Eight years after FIFA stunned the soccer world by promising to bring its crown jewel to the Middle East for the first time, what once seemed impossibly far-off is becoming decidedly tangible.

The eight stadiums scattered in a 30-mile radius that will host 32 teams from across the planet are in various stages of development, most of them trying to walk the treacherous line of paying homage to the region’s history while simultaneously avoiding becoming an expensive and unused relic once the party ends and everyone else goes home.

Scientists refine genetically engineered grass to withstand the parched desert conditions as engineers tinker with massive air conditioners. The ideas to deal with the anticipated influx of over 1 million soccer fans range from the creative — think cruise ships doubling as Air BnBs during the tournament’s 28-day run — to pragmatic.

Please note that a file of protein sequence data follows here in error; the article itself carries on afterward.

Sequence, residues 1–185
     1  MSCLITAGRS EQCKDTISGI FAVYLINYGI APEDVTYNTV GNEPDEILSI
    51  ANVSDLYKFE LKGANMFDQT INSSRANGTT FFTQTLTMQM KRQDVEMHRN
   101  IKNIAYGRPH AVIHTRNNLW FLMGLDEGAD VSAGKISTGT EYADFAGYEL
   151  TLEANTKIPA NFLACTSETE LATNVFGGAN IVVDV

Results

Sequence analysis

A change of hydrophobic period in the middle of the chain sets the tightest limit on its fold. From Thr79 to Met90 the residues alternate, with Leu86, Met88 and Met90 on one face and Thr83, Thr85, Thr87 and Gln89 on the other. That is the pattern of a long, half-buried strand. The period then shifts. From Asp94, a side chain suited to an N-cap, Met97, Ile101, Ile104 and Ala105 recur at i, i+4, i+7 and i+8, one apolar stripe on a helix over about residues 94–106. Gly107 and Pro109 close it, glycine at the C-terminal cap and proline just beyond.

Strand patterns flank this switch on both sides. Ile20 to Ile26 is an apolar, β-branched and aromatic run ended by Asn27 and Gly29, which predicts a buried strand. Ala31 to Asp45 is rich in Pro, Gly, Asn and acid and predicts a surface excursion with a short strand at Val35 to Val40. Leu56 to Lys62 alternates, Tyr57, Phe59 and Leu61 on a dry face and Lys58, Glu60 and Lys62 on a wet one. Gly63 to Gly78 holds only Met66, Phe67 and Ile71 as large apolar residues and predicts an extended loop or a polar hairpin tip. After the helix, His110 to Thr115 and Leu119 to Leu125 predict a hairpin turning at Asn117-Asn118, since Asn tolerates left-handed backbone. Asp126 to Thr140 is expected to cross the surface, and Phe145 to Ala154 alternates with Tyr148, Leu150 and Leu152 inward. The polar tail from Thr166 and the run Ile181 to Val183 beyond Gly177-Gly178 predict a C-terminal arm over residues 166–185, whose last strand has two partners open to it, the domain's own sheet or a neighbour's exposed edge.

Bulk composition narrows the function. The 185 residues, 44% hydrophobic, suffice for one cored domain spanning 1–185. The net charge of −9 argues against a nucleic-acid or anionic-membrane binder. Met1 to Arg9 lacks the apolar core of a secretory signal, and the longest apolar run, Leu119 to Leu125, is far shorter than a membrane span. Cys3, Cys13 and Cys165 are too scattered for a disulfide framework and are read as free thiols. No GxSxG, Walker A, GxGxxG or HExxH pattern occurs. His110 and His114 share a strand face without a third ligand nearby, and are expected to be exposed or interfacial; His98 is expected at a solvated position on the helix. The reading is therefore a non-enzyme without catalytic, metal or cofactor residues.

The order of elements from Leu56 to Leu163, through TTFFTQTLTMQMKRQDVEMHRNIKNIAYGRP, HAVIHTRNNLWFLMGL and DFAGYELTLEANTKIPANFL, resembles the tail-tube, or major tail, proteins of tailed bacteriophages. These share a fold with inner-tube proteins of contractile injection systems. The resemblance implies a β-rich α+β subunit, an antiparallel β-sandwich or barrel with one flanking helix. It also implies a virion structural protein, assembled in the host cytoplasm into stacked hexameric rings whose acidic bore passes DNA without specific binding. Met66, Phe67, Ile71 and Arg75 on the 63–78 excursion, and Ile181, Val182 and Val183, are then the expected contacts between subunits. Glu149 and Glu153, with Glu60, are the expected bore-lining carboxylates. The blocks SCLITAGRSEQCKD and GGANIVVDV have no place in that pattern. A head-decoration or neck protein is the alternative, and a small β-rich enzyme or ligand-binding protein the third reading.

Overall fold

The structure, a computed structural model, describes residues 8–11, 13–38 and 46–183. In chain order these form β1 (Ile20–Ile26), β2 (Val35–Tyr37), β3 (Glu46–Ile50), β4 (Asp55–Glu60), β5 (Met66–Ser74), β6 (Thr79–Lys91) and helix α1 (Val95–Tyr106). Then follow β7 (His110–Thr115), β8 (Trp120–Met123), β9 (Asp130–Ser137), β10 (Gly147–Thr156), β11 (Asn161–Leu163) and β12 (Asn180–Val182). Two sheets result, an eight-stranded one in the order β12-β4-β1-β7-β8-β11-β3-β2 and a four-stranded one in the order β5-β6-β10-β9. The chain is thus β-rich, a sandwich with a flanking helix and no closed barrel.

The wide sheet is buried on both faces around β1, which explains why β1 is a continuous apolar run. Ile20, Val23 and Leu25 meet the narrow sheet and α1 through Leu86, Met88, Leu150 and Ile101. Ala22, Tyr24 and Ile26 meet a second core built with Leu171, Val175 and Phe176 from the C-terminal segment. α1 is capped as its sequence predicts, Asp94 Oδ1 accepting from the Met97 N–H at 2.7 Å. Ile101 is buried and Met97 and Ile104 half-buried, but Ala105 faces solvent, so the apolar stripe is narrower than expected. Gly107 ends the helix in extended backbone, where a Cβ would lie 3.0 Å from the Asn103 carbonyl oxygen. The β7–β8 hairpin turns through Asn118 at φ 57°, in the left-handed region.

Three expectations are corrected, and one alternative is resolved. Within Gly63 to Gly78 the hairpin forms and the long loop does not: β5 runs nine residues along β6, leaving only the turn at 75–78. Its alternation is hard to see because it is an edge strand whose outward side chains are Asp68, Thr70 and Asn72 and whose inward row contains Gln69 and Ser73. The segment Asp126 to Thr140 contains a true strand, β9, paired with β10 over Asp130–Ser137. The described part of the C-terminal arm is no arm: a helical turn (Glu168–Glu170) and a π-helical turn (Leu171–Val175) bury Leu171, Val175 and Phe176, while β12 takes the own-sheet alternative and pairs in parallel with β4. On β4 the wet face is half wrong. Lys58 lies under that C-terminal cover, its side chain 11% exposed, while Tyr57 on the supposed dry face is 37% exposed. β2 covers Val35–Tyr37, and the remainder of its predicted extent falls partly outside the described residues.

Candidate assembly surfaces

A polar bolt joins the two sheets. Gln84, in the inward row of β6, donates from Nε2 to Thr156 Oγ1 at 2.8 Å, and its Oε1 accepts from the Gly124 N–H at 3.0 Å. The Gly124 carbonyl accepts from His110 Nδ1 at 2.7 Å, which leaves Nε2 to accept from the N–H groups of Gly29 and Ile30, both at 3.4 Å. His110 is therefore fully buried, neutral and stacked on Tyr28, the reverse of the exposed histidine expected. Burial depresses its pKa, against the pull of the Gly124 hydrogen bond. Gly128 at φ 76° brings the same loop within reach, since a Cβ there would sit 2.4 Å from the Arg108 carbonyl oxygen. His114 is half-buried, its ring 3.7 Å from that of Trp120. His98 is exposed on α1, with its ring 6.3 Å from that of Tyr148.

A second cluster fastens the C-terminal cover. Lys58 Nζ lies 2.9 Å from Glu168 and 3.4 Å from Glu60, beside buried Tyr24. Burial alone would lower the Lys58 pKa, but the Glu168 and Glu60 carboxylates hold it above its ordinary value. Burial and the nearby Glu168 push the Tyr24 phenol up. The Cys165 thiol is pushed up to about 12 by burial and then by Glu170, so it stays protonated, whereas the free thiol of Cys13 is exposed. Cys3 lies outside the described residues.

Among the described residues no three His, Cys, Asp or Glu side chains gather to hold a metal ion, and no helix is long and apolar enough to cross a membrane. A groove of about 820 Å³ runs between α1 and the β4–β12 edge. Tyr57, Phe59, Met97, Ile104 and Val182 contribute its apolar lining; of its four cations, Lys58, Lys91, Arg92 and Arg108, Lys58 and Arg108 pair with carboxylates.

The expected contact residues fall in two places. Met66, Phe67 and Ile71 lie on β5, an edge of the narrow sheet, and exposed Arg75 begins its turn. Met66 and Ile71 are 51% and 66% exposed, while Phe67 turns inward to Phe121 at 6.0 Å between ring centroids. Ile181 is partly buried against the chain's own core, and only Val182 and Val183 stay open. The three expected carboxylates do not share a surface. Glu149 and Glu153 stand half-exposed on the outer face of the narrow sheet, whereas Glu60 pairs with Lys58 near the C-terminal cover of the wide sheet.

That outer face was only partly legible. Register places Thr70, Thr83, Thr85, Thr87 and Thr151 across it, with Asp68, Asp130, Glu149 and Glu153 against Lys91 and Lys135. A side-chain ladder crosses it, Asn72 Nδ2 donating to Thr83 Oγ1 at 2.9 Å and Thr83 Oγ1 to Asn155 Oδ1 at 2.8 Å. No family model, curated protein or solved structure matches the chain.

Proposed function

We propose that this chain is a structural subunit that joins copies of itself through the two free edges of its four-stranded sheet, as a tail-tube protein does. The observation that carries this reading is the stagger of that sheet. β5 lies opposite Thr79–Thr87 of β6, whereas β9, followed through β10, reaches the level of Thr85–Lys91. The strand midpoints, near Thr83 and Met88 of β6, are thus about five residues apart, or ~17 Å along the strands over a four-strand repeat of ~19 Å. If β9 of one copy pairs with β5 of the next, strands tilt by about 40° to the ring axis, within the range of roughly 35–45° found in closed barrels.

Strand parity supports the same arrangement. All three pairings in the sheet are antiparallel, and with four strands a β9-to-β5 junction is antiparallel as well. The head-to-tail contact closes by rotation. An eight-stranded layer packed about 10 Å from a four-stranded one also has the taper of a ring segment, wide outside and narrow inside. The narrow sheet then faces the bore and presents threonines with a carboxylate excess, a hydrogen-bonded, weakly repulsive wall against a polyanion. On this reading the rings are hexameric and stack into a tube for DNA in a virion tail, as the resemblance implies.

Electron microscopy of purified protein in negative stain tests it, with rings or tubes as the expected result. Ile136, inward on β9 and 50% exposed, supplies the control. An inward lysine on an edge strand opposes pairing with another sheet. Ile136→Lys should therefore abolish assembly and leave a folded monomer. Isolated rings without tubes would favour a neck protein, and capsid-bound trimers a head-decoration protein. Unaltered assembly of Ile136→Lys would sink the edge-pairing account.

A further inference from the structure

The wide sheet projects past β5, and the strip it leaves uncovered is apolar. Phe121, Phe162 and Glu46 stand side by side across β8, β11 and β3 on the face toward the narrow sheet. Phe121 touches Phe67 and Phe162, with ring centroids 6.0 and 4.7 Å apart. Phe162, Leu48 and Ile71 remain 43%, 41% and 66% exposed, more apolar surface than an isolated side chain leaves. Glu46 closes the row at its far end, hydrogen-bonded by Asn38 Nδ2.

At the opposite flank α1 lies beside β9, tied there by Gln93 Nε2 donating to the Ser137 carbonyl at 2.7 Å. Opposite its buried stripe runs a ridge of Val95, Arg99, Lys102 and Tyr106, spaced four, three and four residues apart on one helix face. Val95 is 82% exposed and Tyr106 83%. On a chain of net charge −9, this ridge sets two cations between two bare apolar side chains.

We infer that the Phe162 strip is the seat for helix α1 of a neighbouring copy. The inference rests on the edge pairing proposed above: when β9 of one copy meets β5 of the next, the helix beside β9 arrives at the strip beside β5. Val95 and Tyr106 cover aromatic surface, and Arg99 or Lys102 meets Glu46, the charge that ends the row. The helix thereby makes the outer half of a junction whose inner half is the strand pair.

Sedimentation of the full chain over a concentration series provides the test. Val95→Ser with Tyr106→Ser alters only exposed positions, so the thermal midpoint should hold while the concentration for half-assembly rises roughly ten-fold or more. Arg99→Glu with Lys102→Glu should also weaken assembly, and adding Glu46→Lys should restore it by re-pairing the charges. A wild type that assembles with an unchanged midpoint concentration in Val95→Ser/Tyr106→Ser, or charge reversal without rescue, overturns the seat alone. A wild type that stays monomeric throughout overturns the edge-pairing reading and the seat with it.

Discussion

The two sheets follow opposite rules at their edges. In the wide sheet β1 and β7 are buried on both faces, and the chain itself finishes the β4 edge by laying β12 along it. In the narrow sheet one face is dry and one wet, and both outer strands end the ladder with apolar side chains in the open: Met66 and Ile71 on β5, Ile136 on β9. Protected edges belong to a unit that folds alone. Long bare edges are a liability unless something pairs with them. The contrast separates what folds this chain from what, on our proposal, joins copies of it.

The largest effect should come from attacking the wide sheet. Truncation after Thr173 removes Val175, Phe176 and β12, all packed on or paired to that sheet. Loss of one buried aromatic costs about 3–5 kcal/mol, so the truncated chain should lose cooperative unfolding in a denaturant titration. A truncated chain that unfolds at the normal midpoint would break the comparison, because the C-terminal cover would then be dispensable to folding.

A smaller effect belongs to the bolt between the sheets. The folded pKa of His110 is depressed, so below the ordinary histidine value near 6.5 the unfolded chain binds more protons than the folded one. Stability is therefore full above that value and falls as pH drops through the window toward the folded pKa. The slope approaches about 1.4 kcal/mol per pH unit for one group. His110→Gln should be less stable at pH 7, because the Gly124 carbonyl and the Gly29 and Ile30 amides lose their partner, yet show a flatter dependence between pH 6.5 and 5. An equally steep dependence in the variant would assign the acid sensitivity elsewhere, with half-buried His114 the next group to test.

“This is our stamp,” said Yasser al-Mulla, the Landscape and Sport Turf Management Senior Manager of Competition Venues.

Albeit a complicated one.


Logistically, the country that promised to “Deliver Amazing” when it landed the bid in 2010 remains intent on doing just that. Logistics, however, might be the easy part in a nation of 2.7 million — only 300,000 actual Qatari citizens — that’s spent a large portion of the last decade adjusting to the white-hot glare that accompanied its surprise win over the United States, Japan, South Korea and Australia.

Human rights groups question Qatar’s care of low-paid migrant laborers building stadiums in humid summertime heat of above 45 degrees Celsius (113 degrees Fahrenheit). Others wonder how alcohol sales will work in a conservative Wahhabi Muslim nation where bars routinely check passports before pouring pints. Then there’s the ongoing boycott of Qatar by four Arab nations, which has thrown air travel in the region into chaos.